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Filed under International Women's Day, Ireland, Ireland and the World

International Women’s Day 2012:Connecting Girls,Inspiring Futures

A snip from my post of 2011 recalling the history of this truly international event.
The first International Women’s Day was celebrated in March 1911. It had its origins in America a few years earlier where women had come together to protest against poor working conditions, resulting in a National Women’s Day being declared by the Socialist Party of America. Subsequently at an International Conference for Working Women in Copenhagen, attended by delegates from 17 countries, and including the first 3 women elected to the Finnish Parliament, a proposal to have a special day each year to focus on women’s issues was met with unanimous approval.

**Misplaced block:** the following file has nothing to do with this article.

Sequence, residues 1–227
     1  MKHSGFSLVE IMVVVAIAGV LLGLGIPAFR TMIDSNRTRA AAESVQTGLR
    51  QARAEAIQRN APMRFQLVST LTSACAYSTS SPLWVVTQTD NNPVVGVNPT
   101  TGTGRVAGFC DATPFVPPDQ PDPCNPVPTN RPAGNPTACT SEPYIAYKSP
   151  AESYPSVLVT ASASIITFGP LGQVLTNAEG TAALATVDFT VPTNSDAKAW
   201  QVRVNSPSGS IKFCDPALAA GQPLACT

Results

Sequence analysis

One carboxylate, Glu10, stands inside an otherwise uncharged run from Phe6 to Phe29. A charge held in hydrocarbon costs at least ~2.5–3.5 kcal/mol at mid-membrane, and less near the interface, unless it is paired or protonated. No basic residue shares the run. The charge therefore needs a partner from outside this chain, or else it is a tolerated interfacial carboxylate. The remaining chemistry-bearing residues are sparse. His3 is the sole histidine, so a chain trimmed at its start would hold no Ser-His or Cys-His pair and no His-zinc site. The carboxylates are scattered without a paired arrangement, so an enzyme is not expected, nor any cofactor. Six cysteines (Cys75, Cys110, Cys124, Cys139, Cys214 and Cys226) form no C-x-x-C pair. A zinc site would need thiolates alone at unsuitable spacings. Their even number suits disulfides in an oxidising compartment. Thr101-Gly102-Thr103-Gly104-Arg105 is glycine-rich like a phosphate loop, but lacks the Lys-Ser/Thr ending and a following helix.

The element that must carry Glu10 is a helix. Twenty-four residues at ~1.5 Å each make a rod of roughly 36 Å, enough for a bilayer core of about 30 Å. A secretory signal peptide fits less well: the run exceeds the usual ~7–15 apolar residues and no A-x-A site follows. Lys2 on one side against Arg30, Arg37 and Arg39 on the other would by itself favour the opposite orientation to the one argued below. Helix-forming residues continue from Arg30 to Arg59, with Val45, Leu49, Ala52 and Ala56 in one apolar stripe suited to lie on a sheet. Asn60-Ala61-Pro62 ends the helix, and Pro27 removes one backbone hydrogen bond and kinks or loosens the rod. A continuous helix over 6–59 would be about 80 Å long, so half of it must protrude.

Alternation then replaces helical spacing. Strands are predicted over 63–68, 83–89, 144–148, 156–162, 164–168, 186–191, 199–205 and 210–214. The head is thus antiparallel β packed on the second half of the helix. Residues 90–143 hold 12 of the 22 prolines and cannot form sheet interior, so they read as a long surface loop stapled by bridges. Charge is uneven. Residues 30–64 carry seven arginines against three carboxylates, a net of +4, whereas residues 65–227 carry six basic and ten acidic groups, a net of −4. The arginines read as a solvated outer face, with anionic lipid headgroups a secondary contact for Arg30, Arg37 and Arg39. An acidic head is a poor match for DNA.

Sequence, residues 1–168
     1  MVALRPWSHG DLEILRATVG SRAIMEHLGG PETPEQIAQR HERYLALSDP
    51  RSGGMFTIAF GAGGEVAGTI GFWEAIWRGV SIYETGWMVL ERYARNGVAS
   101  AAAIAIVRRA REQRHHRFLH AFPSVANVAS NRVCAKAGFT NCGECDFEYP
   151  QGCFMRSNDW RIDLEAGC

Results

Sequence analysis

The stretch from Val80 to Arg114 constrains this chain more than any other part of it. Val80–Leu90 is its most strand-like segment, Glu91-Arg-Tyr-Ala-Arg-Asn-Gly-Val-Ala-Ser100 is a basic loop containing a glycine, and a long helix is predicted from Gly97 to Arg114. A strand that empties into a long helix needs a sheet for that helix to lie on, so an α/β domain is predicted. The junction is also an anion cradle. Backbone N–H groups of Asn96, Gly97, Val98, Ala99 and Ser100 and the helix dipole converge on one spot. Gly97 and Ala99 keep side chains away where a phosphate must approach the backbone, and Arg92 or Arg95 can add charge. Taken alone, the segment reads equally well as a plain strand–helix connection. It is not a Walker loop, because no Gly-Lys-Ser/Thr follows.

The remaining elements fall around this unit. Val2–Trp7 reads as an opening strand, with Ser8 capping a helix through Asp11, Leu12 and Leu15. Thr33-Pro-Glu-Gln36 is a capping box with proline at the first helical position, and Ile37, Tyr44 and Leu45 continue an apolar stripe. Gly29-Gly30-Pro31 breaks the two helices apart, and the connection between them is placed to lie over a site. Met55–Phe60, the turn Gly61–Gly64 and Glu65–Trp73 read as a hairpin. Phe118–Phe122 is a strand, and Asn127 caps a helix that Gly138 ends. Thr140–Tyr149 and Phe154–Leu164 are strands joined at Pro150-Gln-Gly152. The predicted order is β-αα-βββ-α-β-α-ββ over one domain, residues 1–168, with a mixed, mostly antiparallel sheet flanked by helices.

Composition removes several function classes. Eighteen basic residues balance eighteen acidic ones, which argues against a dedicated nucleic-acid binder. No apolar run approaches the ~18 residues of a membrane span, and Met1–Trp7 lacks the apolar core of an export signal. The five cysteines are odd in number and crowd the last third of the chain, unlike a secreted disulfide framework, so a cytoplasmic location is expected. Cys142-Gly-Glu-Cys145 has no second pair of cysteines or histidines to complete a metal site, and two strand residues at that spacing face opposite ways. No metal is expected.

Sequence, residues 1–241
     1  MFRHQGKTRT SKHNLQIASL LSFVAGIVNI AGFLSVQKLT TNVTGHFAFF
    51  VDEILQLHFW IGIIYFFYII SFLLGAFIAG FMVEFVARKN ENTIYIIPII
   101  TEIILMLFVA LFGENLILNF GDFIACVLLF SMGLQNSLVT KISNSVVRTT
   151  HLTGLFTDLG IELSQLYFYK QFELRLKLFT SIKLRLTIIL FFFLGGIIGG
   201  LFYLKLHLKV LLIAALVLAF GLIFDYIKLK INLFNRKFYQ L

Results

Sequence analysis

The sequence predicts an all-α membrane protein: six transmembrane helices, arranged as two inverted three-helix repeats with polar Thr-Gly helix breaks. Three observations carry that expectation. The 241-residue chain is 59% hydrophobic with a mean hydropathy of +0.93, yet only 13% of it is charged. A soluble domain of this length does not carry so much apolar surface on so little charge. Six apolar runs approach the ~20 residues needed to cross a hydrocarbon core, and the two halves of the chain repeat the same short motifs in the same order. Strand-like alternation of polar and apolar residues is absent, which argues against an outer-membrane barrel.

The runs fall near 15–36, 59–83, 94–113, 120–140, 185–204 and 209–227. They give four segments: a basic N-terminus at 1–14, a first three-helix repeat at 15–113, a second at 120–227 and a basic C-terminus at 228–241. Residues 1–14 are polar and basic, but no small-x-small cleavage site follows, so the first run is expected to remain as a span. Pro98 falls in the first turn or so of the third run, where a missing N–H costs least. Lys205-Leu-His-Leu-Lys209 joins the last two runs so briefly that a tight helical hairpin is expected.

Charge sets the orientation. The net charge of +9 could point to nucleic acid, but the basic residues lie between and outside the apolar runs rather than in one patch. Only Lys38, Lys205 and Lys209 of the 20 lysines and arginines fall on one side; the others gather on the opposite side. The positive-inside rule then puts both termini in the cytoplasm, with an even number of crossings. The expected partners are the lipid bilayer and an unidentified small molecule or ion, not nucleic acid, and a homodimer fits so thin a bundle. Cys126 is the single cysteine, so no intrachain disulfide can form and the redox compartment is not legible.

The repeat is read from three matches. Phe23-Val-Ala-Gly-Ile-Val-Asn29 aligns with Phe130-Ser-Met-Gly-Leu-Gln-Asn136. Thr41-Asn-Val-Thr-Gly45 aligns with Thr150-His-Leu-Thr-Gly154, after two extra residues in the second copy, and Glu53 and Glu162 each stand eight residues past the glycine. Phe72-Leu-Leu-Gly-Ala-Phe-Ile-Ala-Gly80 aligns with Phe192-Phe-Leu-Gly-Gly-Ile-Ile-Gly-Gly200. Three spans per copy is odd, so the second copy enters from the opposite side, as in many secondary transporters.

Austria, Germany, Switzerland and Denmark observed the first International Women’s Day in March 1911. More than a million men and women attended rallies in support of women’s right to work, right to vote, right to hold public office. In 1913, Russian women observed International Women’s Day campaigning for peace and in 1914, other European countries joined in.

In 1917, amid great unrest in Russia caused by millions of casualties, terrible food shortages, and with many women removed from farms to work in the factories, International Women’s Day prompted 90,00 workers to strike and the army at Petrograd to revolt. Attempts to end the unrest were not successful and Tsar Nicholas II abdicated some days later. The new provisional government granted universal suffrage with equality for women.